The story of the game, though almost nonexistent, does exist to some extent, though the actual storyline itself does little to prove its existence. Tetra and Link, while exploring some ghost ship on the high seas, get suddenly attacked. Tetra is snatched away and disappears from sight, and as Link attempts to follow her into the void, somehow he gets flung overboard and ends up adrift in the ocean. Later on when going back to search through the ghost ship and slaying the four Cubus Sisters, Link finds Tetra, but she has been turned to stone, and Link learns about Bellum, a squid-demon trying to consume Tetra’s Life Force for some nefarious purpose, causing Link to find three pure metals to form the Phantom Sword to chase him down. The whole plot screams of the Zelda Formula down to the last dungeon, with Link chasing after MacGuffins to save the girl.
What wasn’t formulaic however was the addition of one of the most well-known characters from the series: Captain Linebeck, and it’s him that single-handedly saves Phantom Hourglass from being utterly forgettable. Linebeck, who becomes Link’s captain and “caretaker,” recruits Link to helm his ship wherever he pleases so that Linebeck, upon arrival can hunt for treasure to his heart’s content. Yet Linebeck is hardly a simple, one-dimensional character; Linebeck is also equal parts cowardly yet overconfident and chauvinistic, lazy yet thrill-seeker, bravado yet incredibly wimpy. He comically boasts that, “On a typical day, [he] blaze[s] through one or two such temples… before breakfast!” yet shrivels up the moment he spots the pirate Jolene from the crow’s nest. If nothing else, Linebeck is an eccentric character that provides both comic relief and plot device all in one, and it’s hard to not like him for all of the sweet complications of his personality.
Yet beyond Linebeck, the only memorable components of Phantom Hourglass really swing to the negative side. The most well-known negative was the Temple of the Ocean King, a dungeon that brought together the unholy trinity of time limits, indestructible guards, and repeat playthroughs. The dungeon has a massive 14 floors, but extra floors to the dungeon are only added three at a time as Link levels up not only his arsenal (which allow him to take shortcuts later on) but also the Phantom Hourglass, the plot device that enforces the time limit on the dungeon. Though the time limit does not count down while standing on the safe zones (which also make you invisible to the guards as well), you’re usually standing on the zones solely to stop and plan your next move. The concept of the time limit was grossly unpopular back in Majora’s Mask when players, through the Inverted Song of Time, had three wall-clock hours with which to navigate each dungeon’s labyrinth and defeat the boss, and failure meant doing it all over. While the maximum time limit in Phantom Hourglass was only 25 minutes (plus safe zone planning), which theoretically would be good since failure would mean that less time was wasted in the process, players ran up against the time limit much more frequently than MM and also grew more frustrated with a dungeon that they had already played several times prior. While a recurring dungeon would still be used in Spirit Tracks, it eventually got fixed up so as not to produce this same grief in gamers.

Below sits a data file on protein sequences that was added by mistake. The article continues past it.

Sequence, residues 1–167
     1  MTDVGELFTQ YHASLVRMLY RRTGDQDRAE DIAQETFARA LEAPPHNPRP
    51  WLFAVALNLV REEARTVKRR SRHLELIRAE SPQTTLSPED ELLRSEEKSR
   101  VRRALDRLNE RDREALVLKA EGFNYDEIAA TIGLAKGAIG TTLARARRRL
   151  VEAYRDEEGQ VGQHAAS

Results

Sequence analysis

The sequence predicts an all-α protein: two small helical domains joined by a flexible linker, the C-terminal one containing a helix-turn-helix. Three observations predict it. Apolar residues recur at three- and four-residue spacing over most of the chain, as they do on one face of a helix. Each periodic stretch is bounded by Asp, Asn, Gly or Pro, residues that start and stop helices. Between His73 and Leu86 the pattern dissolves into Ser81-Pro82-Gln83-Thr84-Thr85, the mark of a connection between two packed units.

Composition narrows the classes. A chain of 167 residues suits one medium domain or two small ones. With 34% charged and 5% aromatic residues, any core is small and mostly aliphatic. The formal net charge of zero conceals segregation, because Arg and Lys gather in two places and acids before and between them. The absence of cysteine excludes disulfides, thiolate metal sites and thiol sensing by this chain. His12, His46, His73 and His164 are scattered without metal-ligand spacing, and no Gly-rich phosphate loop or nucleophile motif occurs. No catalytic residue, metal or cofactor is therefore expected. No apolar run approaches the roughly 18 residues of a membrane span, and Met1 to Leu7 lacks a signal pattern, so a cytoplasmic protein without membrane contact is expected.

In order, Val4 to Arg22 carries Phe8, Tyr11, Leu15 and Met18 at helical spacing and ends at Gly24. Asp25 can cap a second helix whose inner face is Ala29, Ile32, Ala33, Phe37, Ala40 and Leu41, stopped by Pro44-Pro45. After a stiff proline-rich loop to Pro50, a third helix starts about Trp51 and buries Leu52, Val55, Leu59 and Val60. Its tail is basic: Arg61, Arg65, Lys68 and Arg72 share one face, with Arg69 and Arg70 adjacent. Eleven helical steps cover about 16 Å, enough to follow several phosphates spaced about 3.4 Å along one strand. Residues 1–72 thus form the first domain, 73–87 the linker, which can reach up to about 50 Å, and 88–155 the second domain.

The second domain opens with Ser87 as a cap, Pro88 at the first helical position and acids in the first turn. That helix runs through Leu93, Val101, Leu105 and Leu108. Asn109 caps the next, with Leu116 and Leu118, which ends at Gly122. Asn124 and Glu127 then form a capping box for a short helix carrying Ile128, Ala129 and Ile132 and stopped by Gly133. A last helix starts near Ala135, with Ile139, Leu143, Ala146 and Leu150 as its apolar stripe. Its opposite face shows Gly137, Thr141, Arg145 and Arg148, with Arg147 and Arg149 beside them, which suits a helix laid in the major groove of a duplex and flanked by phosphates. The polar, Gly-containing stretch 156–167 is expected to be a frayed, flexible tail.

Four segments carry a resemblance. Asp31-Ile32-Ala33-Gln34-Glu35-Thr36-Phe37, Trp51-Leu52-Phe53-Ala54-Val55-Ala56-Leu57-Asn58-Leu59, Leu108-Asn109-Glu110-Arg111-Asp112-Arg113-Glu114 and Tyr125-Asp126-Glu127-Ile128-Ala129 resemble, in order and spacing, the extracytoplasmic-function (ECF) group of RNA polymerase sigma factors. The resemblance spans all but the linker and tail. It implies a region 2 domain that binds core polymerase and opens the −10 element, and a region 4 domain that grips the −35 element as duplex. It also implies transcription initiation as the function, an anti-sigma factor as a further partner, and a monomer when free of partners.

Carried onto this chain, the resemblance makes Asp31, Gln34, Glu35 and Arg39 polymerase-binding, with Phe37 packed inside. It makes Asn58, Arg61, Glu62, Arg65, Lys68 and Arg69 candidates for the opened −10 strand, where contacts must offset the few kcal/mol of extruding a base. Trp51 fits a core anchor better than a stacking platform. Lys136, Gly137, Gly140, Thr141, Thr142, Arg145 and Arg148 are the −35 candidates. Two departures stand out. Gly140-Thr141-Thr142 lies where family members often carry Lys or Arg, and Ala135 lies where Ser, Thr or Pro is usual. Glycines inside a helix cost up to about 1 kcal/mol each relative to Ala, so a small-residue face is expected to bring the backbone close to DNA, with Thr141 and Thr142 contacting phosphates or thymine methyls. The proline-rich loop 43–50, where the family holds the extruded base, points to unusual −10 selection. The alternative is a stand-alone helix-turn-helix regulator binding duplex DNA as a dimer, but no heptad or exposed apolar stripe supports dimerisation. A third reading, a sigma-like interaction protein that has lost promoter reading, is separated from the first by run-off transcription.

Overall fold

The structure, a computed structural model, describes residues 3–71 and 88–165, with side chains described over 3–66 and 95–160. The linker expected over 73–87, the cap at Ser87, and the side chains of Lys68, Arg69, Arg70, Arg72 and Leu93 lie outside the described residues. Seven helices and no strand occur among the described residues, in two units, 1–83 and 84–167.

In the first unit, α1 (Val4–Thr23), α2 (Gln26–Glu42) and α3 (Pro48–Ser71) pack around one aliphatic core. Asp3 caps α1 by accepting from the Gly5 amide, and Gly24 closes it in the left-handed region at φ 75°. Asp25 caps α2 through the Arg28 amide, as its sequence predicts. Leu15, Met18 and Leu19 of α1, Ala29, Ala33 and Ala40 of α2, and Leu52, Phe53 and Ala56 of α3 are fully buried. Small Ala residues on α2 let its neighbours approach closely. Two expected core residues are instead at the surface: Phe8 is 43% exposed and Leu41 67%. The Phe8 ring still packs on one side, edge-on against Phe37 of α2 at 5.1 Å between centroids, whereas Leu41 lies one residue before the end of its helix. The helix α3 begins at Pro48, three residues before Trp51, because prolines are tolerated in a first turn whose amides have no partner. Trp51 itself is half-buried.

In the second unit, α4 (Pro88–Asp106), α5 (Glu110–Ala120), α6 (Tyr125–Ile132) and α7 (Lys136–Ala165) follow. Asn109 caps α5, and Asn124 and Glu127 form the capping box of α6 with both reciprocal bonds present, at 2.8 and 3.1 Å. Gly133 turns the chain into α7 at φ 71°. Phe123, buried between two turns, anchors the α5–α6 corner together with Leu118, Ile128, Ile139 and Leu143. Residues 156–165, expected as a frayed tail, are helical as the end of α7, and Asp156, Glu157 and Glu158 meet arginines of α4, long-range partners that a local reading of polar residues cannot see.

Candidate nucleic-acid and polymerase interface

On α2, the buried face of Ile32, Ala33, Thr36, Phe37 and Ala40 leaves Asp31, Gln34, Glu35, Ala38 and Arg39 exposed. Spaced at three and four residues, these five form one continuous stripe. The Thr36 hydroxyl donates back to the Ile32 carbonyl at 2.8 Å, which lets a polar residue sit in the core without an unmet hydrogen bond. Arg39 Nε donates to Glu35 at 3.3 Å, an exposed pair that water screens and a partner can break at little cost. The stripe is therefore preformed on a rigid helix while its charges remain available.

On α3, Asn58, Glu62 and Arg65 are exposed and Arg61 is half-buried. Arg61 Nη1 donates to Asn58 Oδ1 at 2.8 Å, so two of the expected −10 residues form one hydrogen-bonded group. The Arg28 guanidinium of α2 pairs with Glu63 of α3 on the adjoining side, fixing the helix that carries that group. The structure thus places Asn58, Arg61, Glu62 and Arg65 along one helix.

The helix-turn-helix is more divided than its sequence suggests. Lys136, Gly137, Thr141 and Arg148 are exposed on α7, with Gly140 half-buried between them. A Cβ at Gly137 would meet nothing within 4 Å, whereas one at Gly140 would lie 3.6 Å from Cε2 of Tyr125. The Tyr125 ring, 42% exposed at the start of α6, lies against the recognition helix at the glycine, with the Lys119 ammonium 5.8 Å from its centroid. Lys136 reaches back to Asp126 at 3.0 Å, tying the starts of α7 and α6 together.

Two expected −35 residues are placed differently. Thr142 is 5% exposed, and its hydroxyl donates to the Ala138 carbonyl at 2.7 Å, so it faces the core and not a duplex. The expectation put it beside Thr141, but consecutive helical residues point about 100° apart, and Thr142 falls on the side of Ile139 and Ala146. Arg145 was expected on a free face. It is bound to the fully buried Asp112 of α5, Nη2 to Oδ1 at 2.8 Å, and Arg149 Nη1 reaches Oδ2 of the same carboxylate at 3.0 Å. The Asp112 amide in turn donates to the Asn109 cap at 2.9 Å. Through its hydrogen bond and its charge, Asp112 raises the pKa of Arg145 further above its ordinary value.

The other negative reaction was the introduction of new races into Hourglass. Despite the fact that the game was a direct sequel to Wind Waker, the Rito—perhaps one of the most well-loved races in the series—were surprisingly absent; Gorons, on the other hand, who were extremely rare in WW, had their own civilization, and Link of course would talk nicely to them as he passed through to the dungeon. For me, I’m very much not a fan of Gorons, and so getting to see only this race reprise was harsh, especially given that the Rito are among my favorites. In addition to the Gorons were two new races, the benevolent Anouki and the hostile Yook. The former… well, I really have no idea what they’re supposed to be. Gorons were rock-people, Zora were fish-people, and Rito were bird-people, but the Anouki are like… penguin-reindeer-people, and they just didn’t seem to be all that exciting, especially since their only useful skill seemed to be being beaten up by the Yook, which were basically Yetis or abominable snowmen—either way, not a memorable addition.
Last but not least, Phantom Hourglass was the first Zelda title to give Zelda fanatics the first crack at online multiplayer. Supporting both local wireless and online play, the multiplayer mode essentially paired you up one-on-one with someone else as the two of you played a variant of “keep away.” Link would be controlled by one of the players, and his goal was to pick up Force Gems and haul them over to his central base; the other would control a trio of Phantom Guardians who would chase after an attempt to either kill Link or make it otherwise impossible to transport the gems. Just like the Temple of the Ocean King, the Phantom Guardians couldn’t see Link when he stood on the safe zones; what made the mode more difficult for the Phantom Guardians was that his movements were drawn on the screen using the stylus instead of using the D-pad. Ultimately the game felt very weighted in favor of Link, but given that both players would get play each side three times in a match, it all worked out. I played multiplayer a few times when the game came out, but eventually, due to not having too many people to play with, I ultimately forgot about it and moved onto other things.